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Dear Wonder Woman: A Birthday Card to the Amazon Princess from Bob Reyer

From Wonder Woman #1; words by Dr. William Moulton Marston, art by Harry G. Peter

From Wonder Woman #1; words by Dr. William Moulton Marston, art by Harry G. Peter

Dear Princess Diana (hope you don’t mind my familiarity),  wonder-woman-anti-prudery

So sorry that I’m a day-or-two late in getting this birthday card out to you, but it was hard to find the right words to properly pay tribute to all that you’ve meant to the comics industry, and more particularly, to all those people (myself included!) who have felt your positive and world-changing influence through these 75 years, whether-or-not they even realize they are under your sway!

From your first appearances in All-Star Comics #8, Sensation Comics #1, and Wonder Woman #1 (from whence your “birth story” seen above hails), readers have been enthralled by your adherence to the Amazonian principles of peace, understanding, compassionate strength, and love for all, and your example has provided an inspirational presence to generations of not only girls and boys, but women and men who’ve found their own inner “super-powers” by channelling your strengths during their own struggles.

Through all these decades, admittedly not every writer or artist chronicling your adventures has preserved or respected all those special attributes that your creators, be they Dr. William Moulton Marston, Harry G. Peter, Elizabeth Holloway Marston, Olive Byrne, Joye Murchison, and Sheldon Mayer, or your “mothers” Hippolyta, Athena, and Aphrodite had intended to be the focal point, but no matter the fashion of the time, readers were able to uncover those core values, regardless of how many layers of flummery might have been dolloped upon them.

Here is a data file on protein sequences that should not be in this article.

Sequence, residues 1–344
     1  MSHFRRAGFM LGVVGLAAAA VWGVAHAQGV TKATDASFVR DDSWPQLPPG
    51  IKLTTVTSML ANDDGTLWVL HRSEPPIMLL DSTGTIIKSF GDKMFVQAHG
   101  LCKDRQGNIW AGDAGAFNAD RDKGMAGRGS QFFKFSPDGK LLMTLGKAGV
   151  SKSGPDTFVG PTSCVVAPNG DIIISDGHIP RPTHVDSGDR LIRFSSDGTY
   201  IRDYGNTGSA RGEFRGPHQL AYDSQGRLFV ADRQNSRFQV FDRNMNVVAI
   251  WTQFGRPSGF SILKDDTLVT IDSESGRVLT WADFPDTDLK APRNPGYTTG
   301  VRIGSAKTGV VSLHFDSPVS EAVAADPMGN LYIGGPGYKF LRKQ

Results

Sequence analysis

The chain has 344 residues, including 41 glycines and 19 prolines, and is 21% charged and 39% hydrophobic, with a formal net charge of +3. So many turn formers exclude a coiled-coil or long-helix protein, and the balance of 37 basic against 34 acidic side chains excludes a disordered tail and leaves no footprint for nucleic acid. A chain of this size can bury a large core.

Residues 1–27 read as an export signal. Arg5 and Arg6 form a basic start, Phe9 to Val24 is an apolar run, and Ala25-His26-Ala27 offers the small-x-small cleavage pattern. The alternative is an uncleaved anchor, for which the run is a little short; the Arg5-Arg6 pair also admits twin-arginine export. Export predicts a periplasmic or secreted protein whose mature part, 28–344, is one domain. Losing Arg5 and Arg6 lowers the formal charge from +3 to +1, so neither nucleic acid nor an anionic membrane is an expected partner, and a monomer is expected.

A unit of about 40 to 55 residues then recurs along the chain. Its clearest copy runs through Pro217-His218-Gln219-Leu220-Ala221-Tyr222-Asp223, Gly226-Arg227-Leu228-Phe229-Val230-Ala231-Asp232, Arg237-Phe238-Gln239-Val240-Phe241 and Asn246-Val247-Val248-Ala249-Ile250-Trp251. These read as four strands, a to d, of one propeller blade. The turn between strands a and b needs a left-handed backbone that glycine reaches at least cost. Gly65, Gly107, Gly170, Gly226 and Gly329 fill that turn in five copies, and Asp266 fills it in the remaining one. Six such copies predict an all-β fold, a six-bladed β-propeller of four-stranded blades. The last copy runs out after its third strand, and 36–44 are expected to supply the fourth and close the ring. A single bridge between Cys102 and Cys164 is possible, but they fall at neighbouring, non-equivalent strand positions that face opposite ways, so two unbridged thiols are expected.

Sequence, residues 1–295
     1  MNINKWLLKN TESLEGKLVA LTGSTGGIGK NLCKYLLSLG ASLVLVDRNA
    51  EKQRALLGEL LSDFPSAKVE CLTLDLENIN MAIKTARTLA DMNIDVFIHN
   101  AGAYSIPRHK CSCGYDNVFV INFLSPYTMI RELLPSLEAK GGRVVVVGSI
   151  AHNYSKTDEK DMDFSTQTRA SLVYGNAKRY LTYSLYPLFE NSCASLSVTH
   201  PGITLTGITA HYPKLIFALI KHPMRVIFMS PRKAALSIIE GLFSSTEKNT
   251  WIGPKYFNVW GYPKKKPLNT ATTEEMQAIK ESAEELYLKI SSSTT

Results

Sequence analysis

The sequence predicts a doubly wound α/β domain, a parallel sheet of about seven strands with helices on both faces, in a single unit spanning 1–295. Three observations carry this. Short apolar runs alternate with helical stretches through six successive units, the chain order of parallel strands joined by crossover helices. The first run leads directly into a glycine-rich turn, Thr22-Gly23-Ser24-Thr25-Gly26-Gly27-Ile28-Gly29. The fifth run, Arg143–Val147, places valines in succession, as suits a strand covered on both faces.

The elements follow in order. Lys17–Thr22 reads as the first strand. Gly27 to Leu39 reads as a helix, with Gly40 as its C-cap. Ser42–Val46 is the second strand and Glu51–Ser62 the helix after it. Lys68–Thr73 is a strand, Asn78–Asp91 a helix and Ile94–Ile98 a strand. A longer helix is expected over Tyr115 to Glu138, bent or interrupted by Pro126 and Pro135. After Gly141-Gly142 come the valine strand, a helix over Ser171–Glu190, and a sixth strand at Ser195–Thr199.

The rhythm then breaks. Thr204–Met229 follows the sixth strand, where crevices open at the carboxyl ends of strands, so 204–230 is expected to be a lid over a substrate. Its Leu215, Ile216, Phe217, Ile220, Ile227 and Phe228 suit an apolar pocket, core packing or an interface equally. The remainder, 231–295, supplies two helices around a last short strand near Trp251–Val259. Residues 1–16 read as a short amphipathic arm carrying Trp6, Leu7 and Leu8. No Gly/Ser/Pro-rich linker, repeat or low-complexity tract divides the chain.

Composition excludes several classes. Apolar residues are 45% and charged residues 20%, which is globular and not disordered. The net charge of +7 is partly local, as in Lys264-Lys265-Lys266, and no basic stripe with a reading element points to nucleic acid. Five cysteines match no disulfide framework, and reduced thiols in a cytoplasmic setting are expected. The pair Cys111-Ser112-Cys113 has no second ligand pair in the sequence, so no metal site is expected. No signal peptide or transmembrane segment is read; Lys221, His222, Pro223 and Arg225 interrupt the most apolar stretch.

Dr. Marston, H.G. Peter, editor Sheldon Mayer, All-American Comics publisher Max Gaines

Dr. Marston, H.G. Peter, editor Sheldon Mayer,All-American Comics publisher Max Gaines

Olive Byrne, Joye Murchison, Elizabeth Holloway Marston, Dr. William Moulton Marston

Olive Byrne, Joye Murchison, Elizabeth Holloway Marston, Dr. William Moulton Marston

 

For all of us, you’ve provided inspiration and comfort, and your very image creates a sense of empowerment, even among those who have never read a word of your three-quarter-century’s saga, a point so often made when watching little girls in their best Amazonian garb twirling their own golden lassoes or crossing their bracelets in a “power pose”. Is it, as current Wonder Woman writer Greg Rucka describes, a gestaltic understanding of the poignancy of your birth coupled with the knowing sacrifice you made to leave a paradise in order to promote the Amazonian ideals? It was my pleasure and privilege to meet your “sister” Christie Marston at the recent New York Comic Con, and her belief is that those loving and inclusionary concepts are so profound, they transcend gender, age, and time, and that your actions, powered by those tenets put into place by your extended family  75 years ago, continue to create an umbrella of oneness among all willing to embrace their own better natures and look to see the best in others.

Words by Gail Simone, art by Bernard Chang

Words by Gail Simone, art by Bernard Chang

For me, writer Gail Simone has perfectly codified many Amazonian truths into this simple, yet eloquent statement, first put forth in 2008’s issue #25: We have a saying, my people. ‘Don’t kill if you can wound, don’t wound if you can subdue, don’t subdue if you can pacify, and don’t raise your hand at all until you’ve first extended it.” , an ideal that you have more than lived up to through the decades, and a  sentiment that I’m sure that Dr, Marston would have taken no issue with.

Suffice it to say, thank you for being such an aspirational figure to so many for so long, and best wishes on your special day!

Happy Birthday, Diana!

Sensation #1 cover by Phil Jimenez

 

 

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